Though they didn’t meet until after graduating Princeton, Jim Cohen ’86 and Mark Poag ’93 seem as though they were destined to work together. Living in the Houston area, the two quickly became well acquainted through the local alumni network. “I was very involved in Princeton activities, and that’s how I met Jim, 20 years ago,” Poag said.
Cohen and Poag bonded over an enthusiasm for Princeton as well as an interest in finance and entrepreneurship. Both have had careers spanning the legal and financial world. Poag was a software entrepreneur who founded a company called Digicontract. He later served as head of product, marketing, and legal for DataCert, a legal-management software firm that bought Digicontract in 2001. Cohen worked as a financial analyst for Morgan Stanley, and then worked as an attorney before ultimately serving as the head of corporate development at a NYSE company.
“When that company sold, I sat down and thought what do I want to do next,” Cohen said. “I’d always had this idea of combining the vocational things that I do with the avocational things that I do—which is really Princeton stuff.”
That’s when Cohen and Poag developed the idea of starting a venture capital fund solely dedicated to the Princeton community. “We looked around and there was no fund like this in the Princeton ecosystem,” Cohen said. “There were other funds like it at plenty of other schools.” Specifically, Cohen and Poag hoped to start a venture capital firm that would only invest in startups in which a Princetonian is either a founder or a member of the senior management team.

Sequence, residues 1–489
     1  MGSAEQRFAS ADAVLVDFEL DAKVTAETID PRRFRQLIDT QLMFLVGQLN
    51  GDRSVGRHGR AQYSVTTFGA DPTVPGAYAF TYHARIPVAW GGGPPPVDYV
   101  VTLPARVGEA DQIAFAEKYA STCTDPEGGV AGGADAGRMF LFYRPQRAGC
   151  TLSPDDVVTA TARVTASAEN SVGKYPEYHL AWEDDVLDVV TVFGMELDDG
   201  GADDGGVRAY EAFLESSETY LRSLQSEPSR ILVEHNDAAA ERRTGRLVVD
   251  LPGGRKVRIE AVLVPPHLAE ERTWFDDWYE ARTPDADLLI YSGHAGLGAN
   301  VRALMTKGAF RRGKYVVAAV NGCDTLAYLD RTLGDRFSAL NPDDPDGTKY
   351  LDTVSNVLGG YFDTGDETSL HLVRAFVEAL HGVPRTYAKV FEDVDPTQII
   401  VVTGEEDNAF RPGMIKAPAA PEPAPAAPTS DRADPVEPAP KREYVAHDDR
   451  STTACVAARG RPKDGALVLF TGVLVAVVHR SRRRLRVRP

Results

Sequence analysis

Cohen and Poag began sharing the idea with colleagues, and they were met with a highly supportive response. “Our first two advisers when we were reaching out to determine whether this was going to be a good idea were Ed Zschau Sr. [’61], who Jim has known since college and was the first entrepreneurship professor at Princeton. And our second adviser was Dennis Keller [’61],” Poag said. Both Zschau and Keller have played an integral part in the growing entrepreneurship program at Princeton.
After fundraising for a year, Cohen and Poag raised $10 million, enough to launch their fund, known as FitzGate Ventures. Cohen and Poag say one of the defining features of their fund is its network of advisers, all Princeton alumni, known as the “Friends of Fitz.”
“It’s been huge,” Cohen said, referring to the network, which has grown to encompass hundreds of Princeton alumni. “That’s our secret sauce when we talk to investors. We tell them we’re going to leverage this group and beyond to help them find money, find customers, whatever it may be.” Currently, FitzGate Ventures has examined more than 500 companies founded or run by Princeton alumni. Their portfolio includes startups spanning the tech, entertainment, and finance industries.
Poag believes the fund’s success may come as a surprise to those not aware of Princeton’s entrepreneurship community. “I think maybe people didn’t think it was as rich of an ecosystem, because Princeton doesn’t have a business school, doesn’t have a med school, and it’s a small school,” he said.
In the long run, Cohen and Poag hope FitzGate Ventures can be a positive force for Princeton entrepreneurs, both alumni and students.
“The goal is to help generations of Princetonians build, grow, start, and exit companies,” Poag said, “so that when people are talking about the top entrepreneurial universities, they say, ‘Stanford, MIT, Princeton.’”